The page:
Wednesday, January 31, 2007

IRS Tax Forms Available at Library

Remember when you used to get your tax forms in the mail? Or you could pick them up at the bank, post office, library? Ah, those were the days. In the government's effort to reduce paper they are mailing fewer forms to individuals, hoping to coax you into doing your taxes online. If the thought of filling out those forms electronically has you in a panic--have no fear, the library is here. We have all the "major" forms and booklets available for your convenience, and can access more obscure forms online.

The Library will also be hosting the AARP volunteers who provide free tax help. The focus is on those in the low and middle income brackets, with special attention to those 60 and older. This free help is available on Tuesday, Thursday, and Saturday mornings from 9am to noon. The volunteers will be here starting February 1st through April 14th. This is a popular service so expect a wait! Call the library at 516-6050 for more information.

Tuesday, January 30, 2007

What We Are Reading Now

Silent in the Grave by Deanna Raybourn "a splendid blend of a historical novel and a mystery"
When Darkness Falls by James Grippando "Hard to put down"
Web of Evil by Judith Jance
Plum Lovin’ by Janet Evanovich
Looking Glass Wars by Frank Beddor
Bookends by Jane Green
Piratica; being a daring tale of a singular girl’s adventure by Tanith Lee "Thrilling adventures with a kind-hearted pirate, aimed at the teen audience, but fun for adults too"

Thursday, January 25, 2007

Journey to the Edge at the Library

The Friends of the Dover Public Library and the New Hampshire Humanities Council are jointly sponsoring a book discussion series titled “Journeys to the Edge”. The series explores how we are drawn to travel into harm’s way, enchanted by the unknown, and lured to the frontier. These books put us shoulder to shoulder with men and women who have traveled to the edge, some by choice others thrust there by circumstance. What is it that they discover?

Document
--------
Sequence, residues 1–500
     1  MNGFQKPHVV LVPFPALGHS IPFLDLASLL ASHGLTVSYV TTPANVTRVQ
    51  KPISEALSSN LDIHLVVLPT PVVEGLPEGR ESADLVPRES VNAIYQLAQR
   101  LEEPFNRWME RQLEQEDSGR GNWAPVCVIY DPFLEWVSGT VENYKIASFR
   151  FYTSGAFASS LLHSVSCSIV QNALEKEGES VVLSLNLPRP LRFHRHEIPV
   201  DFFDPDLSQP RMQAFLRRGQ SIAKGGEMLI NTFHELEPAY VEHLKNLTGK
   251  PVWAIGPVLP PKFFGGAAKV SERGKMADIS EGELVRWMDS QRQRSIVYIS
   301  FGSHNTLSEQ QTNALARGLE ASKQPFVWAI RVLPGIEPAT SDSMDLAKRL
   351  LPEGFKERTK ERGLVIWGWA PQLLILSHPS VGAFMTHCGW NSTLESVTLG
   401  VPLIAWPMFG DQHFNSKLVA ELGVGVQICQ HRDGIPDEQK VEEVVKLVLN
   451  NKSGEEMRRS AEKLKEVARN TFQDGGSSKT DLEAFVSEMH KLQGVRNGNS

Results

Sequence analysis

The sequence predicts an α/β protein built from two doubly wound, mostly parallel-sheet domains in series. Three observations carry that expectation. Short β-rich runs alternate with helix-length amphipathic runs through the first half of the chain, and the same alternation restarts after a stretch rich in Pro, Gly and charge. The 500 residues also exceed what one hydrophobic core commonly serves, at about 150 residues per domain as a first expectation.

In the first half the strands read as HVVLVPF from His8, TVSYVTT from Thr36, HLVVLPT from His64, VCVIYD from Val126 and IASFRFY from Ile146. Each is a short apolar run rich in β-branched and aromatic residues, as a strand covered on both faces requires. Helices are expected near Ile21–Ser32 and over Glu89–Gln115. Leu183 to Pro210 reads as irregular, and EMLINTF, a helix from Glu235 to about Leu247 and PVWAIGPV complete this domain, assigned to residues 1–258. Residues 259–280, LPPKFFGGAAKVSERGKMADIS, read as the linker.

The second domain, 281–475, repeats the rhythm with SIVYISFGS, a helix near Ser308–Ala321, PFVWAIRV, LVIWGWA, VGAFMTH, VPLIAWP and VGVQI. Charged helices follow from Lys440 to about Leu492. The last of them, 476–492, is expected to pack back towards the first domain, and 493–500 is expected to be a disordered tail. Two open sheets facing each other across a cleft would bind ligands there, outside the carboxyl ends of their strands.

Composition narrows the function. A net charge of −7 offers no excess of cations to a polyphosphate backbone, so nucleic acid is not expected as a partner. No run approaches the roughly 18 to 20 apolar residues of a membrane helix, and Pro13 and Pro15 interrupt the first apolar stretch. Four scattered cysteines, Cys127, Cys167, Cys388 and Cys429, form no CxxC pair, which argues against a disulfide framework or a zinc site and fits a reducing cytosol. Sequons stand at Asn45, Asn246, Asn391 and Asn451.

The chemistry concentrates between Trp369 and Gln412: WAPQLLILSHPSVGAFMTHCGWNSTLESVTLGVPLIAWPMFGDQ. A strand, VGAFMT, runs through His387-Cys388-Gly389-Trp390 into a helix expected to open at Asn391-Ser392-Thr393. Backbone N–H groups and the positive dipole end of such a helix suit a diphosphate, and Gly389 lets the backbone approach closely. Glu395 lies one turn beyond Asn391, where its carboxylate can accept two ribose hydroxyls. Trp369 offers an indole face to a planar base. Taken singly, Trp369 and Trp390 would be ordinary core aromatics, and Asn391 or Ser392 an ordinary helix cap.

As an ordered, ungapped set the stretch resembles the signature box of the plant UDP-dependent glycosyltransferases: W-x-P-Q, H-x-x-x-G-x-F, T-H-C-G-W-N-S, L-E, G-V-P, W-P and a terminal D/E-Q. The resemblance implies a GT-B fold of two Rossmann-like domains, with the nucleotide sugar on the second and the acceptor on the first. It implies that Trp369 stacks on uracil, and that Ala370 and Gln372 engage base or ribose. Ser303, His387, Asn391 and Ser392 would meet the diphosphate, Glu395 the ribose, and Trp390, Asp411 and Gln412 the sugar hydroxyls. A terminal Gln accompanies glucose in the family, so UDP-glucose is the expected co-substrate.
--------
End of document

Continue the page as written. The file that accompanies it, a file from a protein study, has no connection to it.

The series includes 3 monthly discussions led by NH Humanities Council scholars.

Mon., March 5 at 7:00pm: “The Rope Eater” by Ben Jones with the
discussion led by Laurie Quinn.

Mon., April 2 at 7:00pm: “West with the Night” by Beryl Markham with the
discussion led by Elizabethada Wright.

Mon., May 7 at 7:00pm: “Touching the Void” by Joe Simpson with the
discussion led by Clia Goodwin.

All discussions will be held in the Dover Public Library Lecture Hall. Pick up a copy of the books at the Library, but copies are limited so don’t delay. For more information call the library at 516-6050. For descriptions of the books visit our website at

Wednesday, January 24, 2007

Allspice, Basil, Cloves...

We took a quick survey at the library. Many of you may suspect that Librarians are fools for organization, but did you know many of us love to cook? Maybe you did after seeing the size of the cookbook collection. Anyway, 75% of Librarians surveyed alphabetize their spices. Another 50% of librarians write the date of purchase on their spices (spices are generally only good for one year). Another 50% put the date on their baking powder too.

How about you, do you alphabetize your spices?

Looking for some new recipes? Try one of our favorite cookbooks; Parisian Home Cooking by Michael Roberts.

Monday, January 22, 2007

Caldecott & Newbery Medal Winners Announced